How Much Are Our National Parks Worth?
PHOTO: Yosemite is one of the nation's most popular national parks. (Photo courtesy of Thinkstock)
The National Parks Foundation recently conducted a first-ever study to create a comprehensive economic valuation of the country’s national parks and their programming - in short, they wanted to find out if you could put a dollar value on our national parks. As it turns out, you can.
The study, conducted by professor John Loomis and research associate Michelle Haefele, of Colorado State University, and Linda Bilmes of the Harvard Kennedy School, determined that the total economic value (TEV) of national parks and the National Park Service’s programs is $92 billion.
Preserving our parks is important to the American public. According to the researchers, the study, a reporting of total economic value, demonstrates the public’s shared perception of the benefits of our national parks and programs, regardless of whether they personally visit the parks or not. In fact, when asked, 95 percent of the American public said that protecting the national parks for future generations was important and 80 percent would pay higher federal taxes to ensure the protection and preservation of the National Park Service.
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"Every day, we hear about the life-changing and enriching experiences of visitors to our national parks,” said Will Shafroth, president of the National Park Foundation. "While these experiences provide spiritual, emotional, and physical value to these visitors, this groundbreaking study documents the economic value the American public recognizes that our national parks give to our country."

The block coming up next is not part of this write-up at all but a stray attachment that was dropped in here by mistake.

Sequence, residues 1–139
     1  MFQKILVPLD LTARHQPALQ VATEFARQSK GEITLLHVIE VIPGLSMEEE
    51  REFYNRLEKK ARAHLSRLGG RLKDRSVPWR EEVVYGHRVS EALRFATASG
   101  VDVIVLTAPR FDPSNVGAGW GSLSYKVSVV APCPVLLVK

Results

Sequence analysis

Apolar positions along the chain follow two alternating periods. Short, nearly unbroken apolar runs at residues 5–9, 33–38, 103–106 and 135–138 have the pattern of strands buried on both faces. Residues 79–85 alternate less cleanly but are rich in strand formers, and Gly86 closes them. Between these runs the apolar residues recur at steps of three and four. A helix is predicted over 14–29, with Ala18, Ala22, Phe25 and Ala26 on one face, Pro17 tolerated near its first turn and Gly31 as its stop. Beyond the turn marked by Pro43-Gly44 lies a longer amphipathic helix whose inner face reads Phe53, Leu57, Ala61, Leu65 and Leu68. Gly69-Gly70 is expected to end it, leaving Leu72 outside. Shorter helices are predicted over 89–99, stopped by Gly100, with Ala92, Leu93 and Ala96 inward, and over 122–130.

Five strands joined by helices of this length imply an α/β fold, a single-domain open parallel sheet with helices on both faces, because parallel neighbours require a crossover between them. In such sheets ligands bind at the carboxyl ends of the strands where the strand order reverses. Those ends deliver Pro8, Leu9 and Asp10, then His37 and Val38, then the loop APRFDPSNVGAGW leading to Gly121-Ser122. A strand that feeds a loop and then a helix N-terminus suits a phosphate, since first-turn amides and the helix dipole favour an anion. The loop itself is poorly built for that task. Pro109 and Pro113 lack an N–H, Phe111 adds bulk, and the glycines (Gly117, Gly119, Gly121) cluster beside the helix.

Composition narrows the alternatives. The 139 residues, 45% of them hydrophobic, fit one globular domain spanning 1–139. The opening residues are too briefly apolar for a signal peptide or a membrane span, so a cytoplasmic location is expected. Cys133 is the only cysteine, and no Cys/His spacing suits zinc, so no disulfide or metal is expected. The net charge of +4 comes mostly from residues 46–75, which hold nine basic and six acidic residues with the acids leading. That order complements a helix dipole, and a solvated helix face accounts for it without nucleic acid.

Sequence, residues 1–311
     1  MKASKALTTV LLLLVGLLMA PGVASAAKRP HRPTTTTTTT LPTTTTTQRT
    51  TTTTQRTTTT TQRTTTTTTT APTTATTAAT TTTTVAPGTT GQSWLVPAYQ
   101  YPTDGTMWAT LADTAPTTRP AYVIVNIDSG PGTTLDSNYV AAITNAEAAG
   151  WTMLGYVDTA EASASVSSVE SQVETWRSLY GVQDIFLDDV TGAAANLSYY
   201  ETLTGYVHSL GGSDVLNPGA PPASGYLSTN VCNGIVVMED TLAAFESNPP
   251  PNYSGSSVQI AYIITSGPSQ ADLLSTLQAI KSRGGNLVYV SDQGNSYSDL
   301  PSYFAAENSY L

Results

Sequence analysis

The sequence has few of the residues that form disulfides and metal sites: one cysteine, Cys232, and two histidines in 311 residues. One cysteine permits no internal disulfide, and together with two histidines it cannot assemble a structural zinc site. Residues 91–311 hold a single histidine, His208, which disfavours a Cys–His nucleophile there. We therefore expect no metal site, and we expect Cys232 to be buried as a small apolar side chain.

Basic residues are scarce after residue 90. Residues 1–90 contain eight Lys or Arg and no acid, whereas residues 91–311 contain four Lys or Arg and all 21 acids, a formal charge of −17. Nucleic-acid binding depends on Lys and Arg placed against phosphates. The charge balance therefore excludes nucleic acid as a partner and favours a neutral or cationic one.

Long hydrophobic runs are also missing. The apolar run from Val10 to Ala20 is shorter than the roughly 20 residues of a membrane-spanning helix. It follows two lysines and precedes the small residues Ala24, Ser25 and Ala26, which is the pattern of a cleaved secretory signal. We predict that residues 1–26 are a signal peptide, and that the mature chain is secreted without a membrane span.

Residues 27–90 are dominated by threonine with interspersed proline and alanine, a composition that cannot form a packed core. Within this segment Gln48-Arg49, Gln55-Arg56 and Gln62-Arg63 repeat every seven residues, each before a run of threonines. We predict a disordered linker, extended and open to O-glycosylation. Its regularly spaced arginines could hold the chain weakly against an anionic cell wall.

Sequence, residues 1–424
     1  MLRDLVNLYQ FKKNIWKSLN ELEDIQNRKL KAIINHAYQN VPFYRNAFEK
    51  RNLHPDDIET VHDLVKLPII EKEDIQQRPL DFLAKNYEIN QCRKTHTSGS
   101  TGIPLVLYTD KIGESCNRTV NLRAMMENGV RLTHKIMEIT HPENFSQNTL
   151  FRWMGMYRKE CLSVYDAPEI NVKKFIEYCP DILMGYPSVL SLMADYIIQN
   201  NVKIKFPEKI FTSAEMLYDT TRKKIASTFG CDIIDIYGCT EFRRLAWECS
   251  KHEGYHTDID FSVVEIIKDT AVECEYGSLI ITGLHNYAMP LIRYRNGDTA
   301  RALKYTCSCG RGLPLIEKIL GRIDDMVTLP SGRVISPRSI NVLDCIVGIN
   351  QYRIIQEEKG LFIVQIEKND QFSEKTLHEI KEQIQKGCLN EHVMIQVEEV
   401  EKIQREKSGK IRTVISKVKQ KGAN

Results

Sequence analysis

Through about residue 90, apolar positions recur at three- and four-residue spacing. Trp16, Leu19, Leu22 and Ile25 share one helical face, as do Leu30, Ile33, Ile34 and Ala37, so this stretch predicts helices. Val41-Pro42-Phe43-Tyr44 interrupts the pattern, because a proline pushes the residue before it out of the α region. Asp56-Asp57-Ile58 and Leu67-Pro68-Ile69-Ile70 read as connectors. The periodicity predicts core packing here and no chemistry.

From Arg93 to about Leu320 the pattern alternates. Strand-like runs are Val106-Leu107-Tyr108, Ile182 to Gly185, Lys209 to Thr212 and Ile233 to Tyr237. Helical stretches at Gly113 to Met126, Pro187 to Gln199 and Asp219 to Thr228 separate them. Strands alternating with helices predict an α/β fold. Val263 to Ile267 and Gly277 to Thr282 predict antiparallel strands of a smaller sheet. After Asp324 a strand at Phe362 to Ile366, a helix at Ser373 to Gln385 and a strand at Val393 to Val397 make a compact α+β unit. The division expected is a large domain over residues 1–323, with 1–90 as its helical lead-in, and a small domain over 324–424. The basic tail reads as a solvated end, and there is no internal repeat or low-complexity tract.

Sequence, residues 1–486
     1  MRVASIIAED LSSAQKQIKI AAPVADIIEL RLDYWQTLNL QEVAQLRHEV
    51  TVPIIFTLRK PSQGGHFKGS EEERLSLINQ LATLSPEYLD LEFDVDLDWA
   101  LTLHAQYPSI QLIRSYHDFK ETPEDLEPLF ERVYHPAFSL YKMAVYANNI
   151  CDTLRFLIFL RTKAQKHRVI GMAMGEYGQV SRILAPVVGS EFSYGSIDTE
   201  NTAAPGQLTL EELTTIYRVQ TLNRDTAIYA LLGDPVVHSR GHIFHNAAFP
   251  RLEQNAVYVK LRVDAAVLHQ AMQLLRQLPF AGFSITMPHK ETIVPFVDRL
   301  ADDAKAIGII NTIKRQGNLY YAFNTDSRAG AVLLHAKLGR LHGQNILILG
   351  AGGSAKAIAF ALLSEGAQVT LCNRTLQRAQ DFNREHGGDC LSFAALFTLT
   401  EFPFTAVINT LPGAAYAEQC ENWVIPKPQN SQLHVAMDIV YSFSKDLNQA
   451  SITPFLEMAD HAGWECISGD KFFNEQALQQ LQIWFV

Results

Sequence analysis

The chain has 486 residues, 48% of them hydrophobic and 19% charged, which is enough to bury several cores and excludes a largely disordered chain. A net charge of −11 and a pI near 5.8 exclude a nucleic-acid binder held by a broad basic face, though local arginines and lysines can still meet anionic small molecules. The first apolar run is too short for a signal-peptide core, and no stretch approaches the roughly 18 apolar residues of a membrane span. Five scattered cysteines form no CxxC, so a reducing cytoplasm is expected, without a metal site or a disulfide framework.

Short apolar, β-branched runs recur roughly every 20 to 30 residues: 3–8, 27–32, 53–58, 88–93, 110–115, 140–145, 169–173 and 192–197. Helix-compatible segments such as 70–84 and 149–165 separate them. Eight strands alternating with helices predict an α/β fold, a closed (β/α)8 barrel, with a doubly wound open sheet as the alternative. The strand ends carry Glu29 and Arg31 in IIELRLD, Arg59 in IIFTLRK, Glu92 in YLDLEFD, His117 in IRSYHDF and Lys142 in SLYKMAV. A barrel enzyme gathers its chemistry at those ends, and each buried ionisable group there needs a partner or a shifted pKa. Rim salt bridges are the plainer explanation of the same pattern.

The National Parks Service believes that the survey will play an important part in the future development of the parks programming.
“This study demonstrates the enormous value that the public places in the work of the National Park Service, even beyond the iconic and incredible places in our care,” said National Park Service director Jonathan B. Jarvis. “By affirming our commitment to the programs that help us preserve American culture and history through place, this study provides great context for the direction the National Park System is protected for current and future generations.”
Service will move in our second century to tell a more complete and diverse story of who we are and what we value as a nation.“
While our national parks are priceless assets to the country, the study is important to estimate how much the American people would pay to protect them, said researchers.
"This study is a birthday wake-up call that shows Americans value the NPS at least 30 times more than the government spends on them,” said Bilmes.
The research concluded that Americans overwhelmingly support the programming and benefits that the national parks provide.
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Loomis concluded that “this study demonstrates that more than half of the total economic value of national parks is attributable to the benefits the American public receives from just knowing the National Park System is protected for current and future generations.”
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